LEICA Fotografie International / BarTur Award Photojournalist of the Year
Hedayatullah Amid is an award-winning photographer born in Kabul, Afghanistan, in 1990. He was just a young boy when the Taliban took control in Kabul. He remembers the time when photos and all artistic works containing human figures were banned. After the fall of the Taliban, Hedayat sought all the opportunities to pursue his childhood passion for photography by attending all available photojournalism courses in Kabul. Hedayat worked for many years as Senior Photojournalist and was promoted to Chief Country Photojournalist for the EPA (European Press Photo Agency) in Kabul, Afghanistan.
He has been published in national and international press, such as the Washington Post, New York Times, The Guardian, Le Monde, Der Spiegel, Telegraph, TIME , Wall Street Journal, Al jazeera, BBC, and El Pais.
Hedayat’s photography has won prizes from UNESCO, Premio Luchetta, the British Embassy in Kabul, and in 2015, one of his photos was selected as part of the 100 photos of the year by Time magazine. In 2021 Hedayat was chosen as the first Afghan journalist to cover Olympic Games, which led him to Tokyo. He returned from Japan on August 14th and on August 15th Afghanistan fell again to the Taliban, which forced him to flee his country. He is living now in the Netherlands and continues to work as a freelance photojournalist, a.o for NRC newspaper and ANP news agency. For the latter he covered a story on Ukrainian ballet dancers, also exiled in the Netherlands.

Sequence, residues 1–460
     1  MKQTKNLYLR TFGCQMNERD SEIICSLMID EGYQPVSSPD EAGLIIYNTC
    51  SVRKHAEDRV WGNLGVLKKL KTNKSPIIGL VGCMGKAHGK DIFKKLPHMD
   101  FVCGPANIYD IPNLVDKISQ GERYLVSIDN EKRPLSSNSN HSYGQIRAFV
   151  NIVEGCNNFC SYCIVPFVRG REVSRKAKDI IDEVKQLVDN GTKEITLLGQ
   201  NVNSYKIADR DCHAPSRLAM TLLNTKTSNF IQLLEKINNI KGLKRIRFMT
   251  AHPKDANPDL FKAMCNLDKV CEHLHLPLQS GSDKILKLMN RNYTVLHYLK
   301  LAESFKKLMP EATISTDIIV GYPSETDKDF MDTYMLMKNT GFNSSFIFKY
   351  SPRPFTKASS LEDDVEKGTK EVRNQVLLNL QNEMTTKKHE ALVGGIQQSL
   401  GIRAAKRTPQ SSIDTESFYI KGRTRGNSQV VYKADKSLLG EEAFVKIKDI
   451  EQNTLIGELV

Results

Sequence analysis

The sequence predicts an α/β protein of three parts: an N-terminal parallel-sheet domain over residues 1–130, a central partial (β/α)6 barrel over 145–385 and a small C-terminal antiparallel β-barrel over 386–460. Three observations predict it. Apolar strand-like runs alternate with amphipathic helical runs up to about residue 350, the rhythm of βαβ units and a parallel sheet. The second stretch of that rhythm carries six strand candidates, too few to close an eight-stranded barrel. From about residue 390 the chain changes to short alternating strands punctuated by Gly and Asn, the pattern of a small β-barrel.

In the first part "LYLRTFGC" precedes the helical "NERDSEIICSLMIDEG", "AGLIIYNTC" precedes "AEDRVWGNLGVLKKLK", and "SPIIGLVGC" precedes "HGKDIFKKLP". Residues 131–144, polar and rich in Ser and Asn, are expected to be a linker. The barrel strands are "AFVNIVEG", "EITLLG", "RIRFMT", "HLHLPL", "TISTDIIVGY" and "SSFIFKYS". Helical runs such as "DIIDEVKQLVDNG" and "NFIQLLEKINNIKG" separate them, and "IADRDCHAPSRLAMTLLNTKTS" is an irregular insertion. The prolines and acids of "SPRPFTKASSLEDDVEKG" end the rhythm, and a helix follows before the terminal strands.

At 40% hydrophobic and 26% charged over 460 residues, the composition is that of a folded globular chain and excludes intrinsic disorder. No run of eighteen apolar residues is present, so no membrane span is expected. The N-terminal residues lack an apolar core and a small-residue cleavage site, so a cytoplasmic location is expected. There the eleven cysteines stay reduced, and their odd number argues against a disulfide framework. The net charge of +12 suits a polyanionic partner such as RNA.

Beyond The Headlines
Panjshir province & Kabul, Afghanistan
2015 - 2021
The following reportage, "Beyond the headlines" "narrates the period from the beginning of 2016 until I had to flee my country Afghanistan, at the end of August 2021, once the Taliban conquered the country again.
When most people think of Afghanistan, only one thing comes to their minds: war. The country has suffered four decades of protracted conflicts. Still, despite this, the people of Afghanistan are infinitely hospitable, resilient, and optimistic, and it's, above all, an enormously heterogenous country regarding cultures, ethnicities, languages, and religious-political beliefs. Throughout the war, daily life goes on for many Afghans. That is what I also wish to show with the selected images: men and women who have been oppressed by the Taliban regime, who have been internally displaced even more in 2021 due to Taliban's offense to recapture the country.
These people are given little exposure in the international media, and appear often as mere numbers and statistics, so it is important to tell their stories.
These photographs illustrate a nuanced picture of Afghanistan. Showing the world that there is more than just violence here. The people of Afghanistan want to live like everyone else, following the rituals of daily life and celebrating its milestones away from the smoke and ashes of war, but at the same time, constantly affected by them.
The reportage also reflects on the uncertainty, fears, shock, and political vacuum which Kabul's citizens encountered themselves in due to the historic moments in 2021 when foreign troops announced their withdrawal. The Taliban clashed heavily with the Afghan army and took one province after the other, when the former Afghan president fled the country, hopes of an entire generation were shattered within a few hours.
All this, while simultaneously, the entire world was following the daily news, culminating in these horrendous events around Kabul's airport mid of August. My reportage reflects on moments beyond the headlines and wants to give normal citizens the space. They have been affected most by the Taliban, their crimes, injustices, and fighting, which caused enormous numbers of forcefully displaced Afghan people, hunger, suffering, and fear.